Increased efficiency of temperature-regulating mechanism

b.

Decreased size of ventricles in the brain

c.

Decrease in electrical activity

d.

Increase in deep-tendon reflexes

C

A normal age-related change is a decrease in electrical activity. The temperature-regulating mechanism is decreased in efficiency in aging. The size of the ventricles increases with age. The deep-tendon reflexes either remain the same or decrease in aging.

18

During the neurological assessment, the patient cooperates with the nurse’s directions to grip with the hands and to move the feet, but does not respond to the nurse’s questions. The nurse will suspect which of the following?

a.

A temporal lobe lesion

b.

Injury to the cerebellum

c.

A brainstem lesion

d.

Damage to the frontal lobe

 

D

Expressive speech is controlled by Broca’s area in the frontal lobe.

19

Which neurotransmitter is involved in emotions, moods, and regulating motor control?

a.

Serotonin

b.

Epinephrine

c.

Dopamine

d.

Substance P

    C

Dopamine is involved in emotions, moods, and regulating motor activity. Serotonin is also involved with moods and emotions but has no relevance to regulating motor control.

20

Which internal structure arises from the basilar and two internal carotid arteries?

a.

Reticular formation

b.

Blood–brain barrier

c.

Circle of Willis

d.

Anterior communicating centre

 

C

The circle of Willis arises from the basilar and two internal carotid arteries.

21

Which area of the cerebrum would the nurses suspect is injured when the patient is unable to understand spoken words?

a.

Broca’s area

b.

Precentral gyrus

c.

Wernicke’s area

d.

Postcentral gyrus

C

The function of Wernicke’s area is to integrate auditory language, that is, understanding of spoken words.

22

The nurse expects that management of the patient who experiences a brief episode of tinnitus, diplopia, and dysarthria with no residual effects will include

a.

prophylactic clipping of cerebral aneurysms.

b.

heparin via continuous intravenous infusion.

c.

oral administration of low dose aspirin therapy.

d.

therapy with tissue plasminogen activator (tPA).

 

    C

The patient’s symptoms are consistent with transient ischemic attack (TIA), and drugs that inhibit platelet aggregation are prescribed after a TIA to prevent stroke. Continuous heparin infusion is not routinely used after TIA or with acute ischemic stroke. The patient’s symptoms are not consistent with a cerebral aneurysm. tPA is used only for acute ischemic stroke, not for TIA.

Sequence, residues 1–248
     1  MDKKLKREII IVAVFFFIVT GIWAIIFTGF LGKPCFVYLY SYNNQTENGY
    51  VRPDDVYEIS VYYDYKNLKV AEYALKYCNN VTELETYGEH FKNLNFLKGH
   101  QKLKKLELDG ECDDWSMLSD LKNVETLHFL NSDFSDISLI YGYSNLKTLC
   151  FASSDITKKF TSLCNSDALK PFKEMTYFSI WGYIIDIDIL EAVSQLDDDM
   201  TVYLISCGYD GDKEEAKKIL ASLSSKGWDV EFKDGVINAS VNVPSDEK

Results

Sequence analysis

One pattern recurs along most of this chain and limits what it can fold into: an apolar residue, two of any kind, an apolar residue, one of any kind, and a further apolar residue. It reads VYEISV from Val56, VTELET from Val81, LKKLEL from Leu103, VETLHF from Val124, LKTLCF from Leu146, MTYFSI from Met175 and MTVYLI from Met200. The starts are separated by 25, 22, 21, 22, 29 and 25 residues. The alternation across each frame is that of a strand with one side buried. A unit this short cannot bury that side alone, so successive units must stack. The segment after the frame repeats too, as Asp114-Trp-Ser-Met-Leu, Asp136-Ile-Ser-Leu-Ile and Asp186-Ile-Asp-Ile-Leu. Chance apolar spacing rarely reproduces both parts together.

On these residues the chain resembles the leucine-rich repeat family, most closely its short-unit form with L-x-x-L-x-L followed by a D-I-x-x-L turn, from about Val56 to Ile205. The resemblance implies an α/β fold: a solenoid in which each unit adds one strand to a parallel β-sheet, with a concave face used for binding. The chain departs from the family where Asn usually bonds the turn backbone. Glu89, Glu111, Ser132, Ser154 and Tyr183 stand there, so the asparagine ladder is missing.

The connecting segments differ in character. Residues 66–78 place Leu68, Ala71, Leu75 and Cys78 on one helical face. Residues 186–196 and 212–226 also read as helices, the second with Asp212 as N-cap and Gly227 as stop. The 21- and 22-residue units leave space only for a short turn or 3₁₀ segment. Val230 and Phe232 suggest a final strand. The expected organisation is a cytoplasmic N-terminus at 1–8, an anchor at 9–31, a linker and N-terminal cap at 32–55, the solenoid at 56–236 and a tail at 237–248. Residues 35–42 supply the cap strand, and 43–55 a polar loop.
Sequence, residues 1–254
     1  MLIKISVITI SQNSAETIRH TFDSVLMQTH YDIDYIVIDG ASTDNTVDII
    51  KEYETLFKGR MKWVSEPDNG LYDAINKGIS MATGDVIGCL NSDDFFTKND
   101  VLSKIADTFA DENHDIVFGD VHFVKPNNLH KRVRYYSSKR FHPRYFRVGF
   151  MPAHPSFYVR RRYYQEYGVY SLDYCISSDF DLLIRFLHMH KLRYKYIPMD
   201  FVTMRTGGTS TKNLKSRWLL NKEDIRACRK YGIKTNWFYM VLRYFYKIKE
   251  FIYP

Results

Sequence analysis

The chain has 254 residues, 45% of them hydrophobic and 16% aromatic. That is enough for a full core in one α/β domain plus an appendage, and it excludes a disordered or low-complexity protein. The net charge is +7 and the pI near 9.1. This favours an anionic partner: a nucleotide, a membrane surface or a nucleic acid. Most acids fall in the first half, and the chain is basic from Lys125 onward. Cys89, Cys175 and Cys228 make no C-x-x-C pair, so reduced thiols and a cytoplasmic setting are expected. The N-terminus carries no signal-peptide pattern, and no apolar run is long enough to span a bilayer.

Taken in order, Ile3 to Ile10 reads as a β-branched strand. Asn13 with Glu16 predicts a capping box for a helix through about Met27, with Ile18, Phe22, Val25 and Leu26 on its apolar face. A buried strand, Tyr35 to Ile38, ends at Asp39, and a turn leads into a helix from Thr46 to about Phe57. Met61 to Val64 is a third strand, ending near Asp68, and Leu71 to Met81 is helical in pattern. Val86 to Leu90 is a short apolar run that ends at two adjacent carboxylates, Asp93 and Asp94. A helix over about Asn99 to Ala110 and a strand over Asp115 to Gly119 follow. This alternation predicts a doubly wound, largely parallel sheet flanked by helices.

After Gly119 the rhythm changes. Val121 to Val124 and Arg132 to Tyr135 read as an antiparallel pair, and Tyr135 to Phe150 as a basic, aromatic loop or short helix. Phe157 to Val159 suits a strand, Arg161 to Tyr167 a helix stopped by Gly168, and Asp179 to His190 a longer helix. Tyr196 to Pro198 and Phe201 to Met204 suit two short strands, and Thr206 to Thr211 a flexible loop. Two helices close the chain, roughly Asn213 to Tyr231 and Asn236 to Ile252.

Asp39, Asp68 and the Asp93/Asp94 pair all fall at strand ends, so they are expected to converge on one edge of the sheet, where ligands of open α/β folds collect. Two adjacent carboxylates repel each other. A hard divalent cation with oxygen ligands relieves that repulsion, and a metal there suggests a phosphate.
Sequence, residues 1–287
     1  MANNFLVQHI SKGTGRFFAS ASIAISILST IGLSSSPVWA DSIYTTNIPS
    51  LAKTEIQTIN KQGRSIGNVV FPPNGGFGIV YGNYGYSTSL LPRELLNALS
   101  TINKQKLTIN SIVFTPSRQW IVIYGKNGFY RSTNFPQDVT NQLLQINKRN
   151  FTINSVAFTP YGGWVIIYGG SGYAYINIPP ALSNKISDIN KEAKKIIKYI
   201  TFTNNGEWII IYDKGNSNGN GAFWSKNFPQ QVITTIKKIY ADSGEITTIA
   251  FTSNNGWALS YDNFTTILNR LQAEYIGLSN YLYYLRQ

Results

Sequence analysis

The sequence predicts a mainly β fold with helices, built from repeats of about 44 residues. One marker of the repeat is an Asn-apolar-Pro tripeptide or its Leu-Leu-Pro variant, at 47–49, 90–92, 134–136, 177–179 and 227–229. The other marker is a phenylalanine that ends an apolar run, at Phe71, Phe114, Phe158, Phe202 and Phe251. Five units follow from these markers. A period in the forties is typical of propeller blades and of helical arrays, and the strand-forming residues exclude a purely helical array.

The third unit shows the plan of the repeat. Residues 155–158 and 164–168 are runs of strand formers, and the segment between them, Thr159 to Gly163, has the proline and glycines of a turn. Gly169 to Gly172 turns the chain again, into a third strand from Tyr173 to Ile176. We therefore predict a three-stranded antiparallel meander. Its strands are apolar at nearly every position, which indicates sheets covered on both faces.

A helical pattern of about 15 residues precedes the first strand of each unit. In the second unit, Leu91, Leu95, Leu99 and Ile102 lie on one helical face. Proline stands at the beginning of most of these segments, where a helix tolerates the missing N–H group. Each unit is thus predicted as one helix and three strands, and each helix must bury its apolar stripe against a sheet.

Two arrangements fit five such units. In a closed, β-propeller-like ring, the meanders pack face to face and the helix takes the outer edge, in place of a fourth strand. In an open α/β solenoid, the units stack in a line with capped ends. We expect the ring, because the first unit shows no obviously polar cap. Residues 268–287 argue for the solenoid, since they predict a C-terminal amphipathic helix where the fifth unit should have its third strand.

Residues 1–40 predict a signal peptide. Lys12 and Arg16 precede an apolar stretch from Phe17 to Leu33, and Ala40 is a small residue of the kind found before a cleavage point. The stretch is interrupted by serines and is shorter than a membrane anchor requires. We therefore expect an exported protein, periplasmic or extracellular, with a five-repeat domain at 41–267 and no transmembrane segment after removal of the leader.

23

Aspirin is ordered for a patient who is admitted with a possible stroke. Which information obtained during the admission assessment indicates that the nurse should consult with the health care provider before giving the aspirin?

a.

The patient has dysphasia.

b.

The patient has atrial fibrillation.

c.

The patient states, “My symptoms started with a terrible headache.”

d.

The patient has a history of brief episodes of right-sided hemiplegia.

 

C

A sudden onset headache is typical of a subarachnoid hemorrhage, and aspirin is contraindicated. Atrial fibrillation, dysphasia, and transient ischemic attack (TIA) are not contraindications to aspirin use, so the nurse can administer the aspirin.

24

A patient with a stroke experiences right-sided arm and leg paralysis and facial drooping on the right side. When admitting the patient, which clinical manifestation will the nurse expect to find?

a.

Impulsive behavior

b.

Right-sided neglect

c.

Hyperactive left-sided reflexes

d.

Difficulty in understanding commands

 

D

Right-sided paralysis indicates a left-brain stroke, which will lead to difficulty with comprehension and use of language. The left-side reflexes are likely to be intact. Impulsive behavior and neglect are more likely with a right-side stroke.

25

The nurse receives a verbal report that a patient has an occlusion of the left posterior cerebral artery. The nurse will anticipate that the patient may have

a.

dysphasia.

b.

confusion.

c.

visual deficits.

d.

poor judgment.

C

Visual disturbances are expected with posterior cerebral artery occlusion. Aphasia occurs with middle cerebral artery involvement. Cognitive deficits and changes in judgment are more typical of anterior cerebral artery occlusion.

26

The health care provider prescribes clopidogrel (Plavix) for a patient with cerebral atherosclerosis. When teaching about the new medication, the nurse will tell the patient